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Mechanical thrombectomy, or simply thrombectomy, is the interventional procedure of removing a blood clot (thrombus) from a blood vessel. It is commonly performed in the coronary arteries (interventional cardiology), peripheral arteries (interventional radiology) and cerebral arteries (interventional neuroradiology).

Applications in brain

Ischemic stroke represents the second most common cause of death in western world. Until recent times, systemic intravenous fibrinolysis was the only evidence-based therapy for patient with acute onset of stroke due to large vessel occlusion.

In 2015, the results of five trials from different countries were published in the New England Journal of Medicine, demonstrating the safety and efficacy of mechanical thrombectomy with stent-retriever in improving outcomes and reducing mortality. It is now a widespread procedure performed in most primary stroke centers across the globe.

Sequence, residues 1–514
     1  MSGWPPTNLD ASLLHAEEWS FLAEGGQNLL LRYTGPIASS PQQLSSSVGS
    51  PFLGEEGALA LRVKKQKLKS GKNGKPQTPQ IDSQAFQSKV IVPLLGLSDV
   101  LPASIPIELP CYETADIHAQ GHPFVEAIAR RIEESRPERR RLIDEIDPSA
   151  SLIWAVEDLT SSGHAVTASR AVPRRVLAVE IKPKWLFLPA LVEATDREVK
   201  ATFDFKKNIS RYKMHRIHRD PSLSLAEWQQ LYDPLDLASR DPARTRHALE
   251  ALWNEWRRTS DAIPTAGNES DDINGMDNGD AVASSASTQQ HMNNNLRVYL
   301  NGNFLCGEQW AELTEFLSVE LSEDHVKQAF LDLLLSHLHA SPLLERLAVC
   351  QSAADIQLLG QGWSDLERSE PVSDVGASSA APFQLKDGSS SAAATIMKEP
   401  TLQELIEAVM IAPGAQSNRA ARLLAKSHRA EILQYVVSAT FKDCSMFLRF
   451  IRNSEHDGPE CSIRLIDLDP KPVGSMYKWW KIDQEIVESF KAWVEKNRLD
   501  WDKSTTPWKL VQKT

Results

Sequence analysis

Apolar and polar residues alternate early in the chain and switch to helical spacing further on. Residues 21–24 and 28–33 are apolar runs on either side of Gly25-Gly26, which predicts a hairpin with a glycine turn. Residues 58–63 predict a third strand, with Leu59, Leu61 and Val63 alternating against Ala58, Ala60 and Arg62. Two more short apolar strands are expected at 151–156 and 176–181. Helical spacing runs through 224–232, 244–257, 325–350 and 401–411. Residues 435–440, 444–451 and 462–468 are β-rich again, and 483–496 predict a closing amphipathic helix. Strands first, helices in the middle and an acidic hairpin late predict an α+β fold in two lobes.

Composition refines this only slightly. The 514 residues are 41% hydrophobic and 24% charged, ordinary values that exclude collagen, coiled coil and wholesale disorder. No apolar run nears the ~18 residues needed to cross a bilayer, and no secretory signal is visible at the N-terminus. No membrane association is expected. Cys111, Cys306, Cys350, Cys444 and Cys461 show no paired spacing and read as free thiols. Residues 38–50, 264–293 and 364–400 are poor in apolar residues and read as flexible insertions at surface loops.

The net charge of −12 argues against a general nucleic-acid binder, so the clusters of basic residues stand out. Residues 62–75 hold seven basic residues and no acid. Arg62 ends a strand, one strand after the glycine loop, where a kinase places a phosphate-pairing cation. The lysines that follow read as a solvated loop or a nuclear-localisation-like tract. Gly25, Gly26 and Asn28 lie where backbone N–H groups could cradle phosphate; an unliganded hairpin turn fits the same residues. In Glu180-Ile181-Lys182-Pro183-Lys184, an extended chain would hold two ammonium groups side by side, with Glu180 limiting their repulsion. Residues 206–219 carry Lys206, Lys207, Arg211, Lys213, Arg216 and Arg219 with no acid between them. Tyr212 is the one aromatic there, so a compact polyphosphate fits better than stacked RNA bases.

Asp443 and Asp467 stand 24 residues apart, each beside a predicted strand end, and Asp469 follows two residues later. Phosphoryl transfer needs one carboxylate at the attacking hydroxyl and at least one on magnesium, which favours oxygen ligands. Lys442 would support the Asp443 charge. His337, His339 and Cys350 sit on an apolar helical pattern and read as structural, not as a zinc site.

Stent-retriever thrombectomy

The procedure is usually performed under general anesthesia in an angiographic room. A system of coaxial catheters is pushed inside the arterial circulation, usually through a percutaneous access to the femoral artery. A microcatheter is finally positioned beyond the occluded segment and a stent-retriever is deployed to catch the thrombus; finally, the stent is pulled out from the artery, usually under continuous aspiration in the larger catheters.

Direct aspiration

A different technique for mechanical thrombectomy in brain is direct aspiration. It is performed by pushing a large soft aspiration catheter into the occluded vessel and applying direct aspiration to retrieve the thrombus; it can be combined with the stent-retriever technique to achieve higher recanalization rates, but the complexity of the procedure increases.

Direct aspiration has not been studied as thoroughly as stent-retriever thrombectomy, but it is still widely performed because of its relative simplicity and low cost.

See also

External links

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